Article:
George W. Bush has promised to make public the amount of each contribution and the name of every person who gives to his campaign. This is a good move, but I wonder how many people would have given if they'd known their names would be made public. People want the candidate to know, but they don't want everyone else to know.
In my high school history class, we had to memorize the names of all the kings and queens of England, and our geography teacher expected us to know the names of the capitals of every one of the 48 states (in a test, I missed Lincoln, Neb.).
But East Timor? The name Timor never came up in my school. Now, as a Responsible Citizen, I'm expected to have an informed opinion about what should be done about the massacres occurring in East Timor.
Because I like being a responsible citizen and because it looks as though we're going to help other responsible citizens in other responsible countries stop the massacres there, I've tried to find out more about the area.
My atlas says "TIMOR: Easternmost of the Lesser Sundas." Never having heard of even the Mostest Sundas, let alone the Lesser Sundas, this Responsible Citizen is giving up trying to find the Timors or understand what's going on there. He plans to trust his government to do the right thing there -- wherever that is.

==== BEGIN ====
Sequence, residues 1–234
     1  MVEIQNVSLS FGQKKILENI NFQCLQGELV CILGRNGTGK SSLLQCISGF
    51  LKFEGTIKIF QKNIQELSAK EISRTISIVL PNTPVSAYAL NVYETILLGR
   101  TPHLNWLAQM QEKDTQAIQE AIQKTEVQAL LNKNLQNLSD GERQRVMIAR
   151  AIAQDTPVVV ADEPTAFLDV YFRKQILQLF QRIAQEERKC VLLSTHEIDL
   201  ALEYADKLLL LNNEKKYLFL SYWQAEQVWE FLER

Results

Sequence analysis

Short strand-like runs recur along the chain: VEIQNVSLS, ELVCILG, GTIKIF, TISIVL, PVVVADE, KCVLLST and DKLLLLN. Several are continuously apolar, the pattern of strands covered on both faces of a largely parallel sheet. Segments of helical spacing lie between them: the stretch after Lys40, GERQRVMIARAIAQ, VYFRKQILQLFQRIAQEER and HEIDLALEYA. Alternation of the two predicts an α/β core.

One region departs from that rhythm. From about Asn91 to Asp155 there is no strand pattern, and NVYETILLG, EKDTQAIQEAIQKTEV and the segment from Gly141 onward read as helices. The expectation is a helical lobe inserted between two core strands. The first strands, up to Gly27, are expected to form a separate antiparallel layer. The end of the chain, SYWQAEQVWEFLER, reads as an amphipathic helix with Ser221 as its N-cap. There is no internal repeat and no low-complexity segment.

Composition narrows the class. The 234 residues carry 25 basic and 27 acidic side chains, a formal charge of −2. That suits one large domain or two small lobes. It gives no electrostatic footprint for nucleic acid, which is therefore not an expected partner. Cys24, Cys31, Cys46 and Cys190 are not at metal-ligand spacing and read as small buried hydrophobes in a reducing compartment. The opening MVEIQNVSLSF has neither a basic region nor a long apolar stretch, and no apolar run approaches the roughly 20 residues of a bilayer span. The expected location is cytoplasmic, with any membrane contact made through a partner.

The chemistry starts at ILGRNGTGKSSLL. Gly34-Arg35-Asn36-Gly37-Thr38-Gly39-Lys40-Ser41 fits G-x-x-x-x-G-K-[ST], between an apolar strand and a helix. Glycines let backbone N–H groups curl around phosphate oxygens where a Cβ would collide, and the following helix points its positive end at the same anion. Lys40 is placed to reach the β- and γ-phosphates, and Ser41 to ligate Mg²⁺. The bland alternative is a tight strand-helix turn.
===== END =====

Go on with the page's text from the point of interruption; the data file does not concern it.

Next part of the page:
Because I work at CBS, people ask me what the $35 billion merger with Viacom means. Let me put it this way: I know more about East Timor than I know about this merger.
Years ago, the great Arthur Ashe, the gentlemanly and erudite tennis champion, said, "There are going to be a lot of black tennis players coming along, and they aren't all going to be like me."
It was a long time before his prediction came true, but it came true when 17-year-old Serena Williams won the U.S. Open women's tennis championship, and next day won the doubles championship with her older sister, Venus. The Williams sisters are nothing like Arthur Ashe, but they could end up eclipsing the memory of Helen Wills, Helen Jacobs, Alice Marble, Althea Gibson, Billie Jean King, Chris Evert, Martina Navratilova and Steffi Graf. They're that good.
Reporters who write about technology are saying that, in the near future, people will be buying groceries using their computers and having everything delivered to their homes.
I have been wrong about almost every technological advance of the past 50 years, but I doubt people will shop that way. Going to the store is too much fun, and there's no admission fee. Going to the store isn't work at all; it's recreation.
Buying by computer wouldn't be good for stores, because everyone who goes in a store comes home with more than they have on their list and more than they would have ordered by computer or over the phone.
If people stopped going to the store to shop, it might have a bad effect on our economy. For example, the average American family could get along with just one car instead of two or three. This is the kind of foresight I imagine would cause a smart stockbroker to advise his clients to sell General Motors.
President Clinton has proposed spending $15 million to buy back guns that are in the hands of potential criminals. At the same time, some gun makers in California are going out of business rather than fight the new wave of lawsuits against them. I'm surprised the government doesn't keep the gun makers in business by buying their guns directly and then destroying them, thus eliminating the middle man, the criminal.
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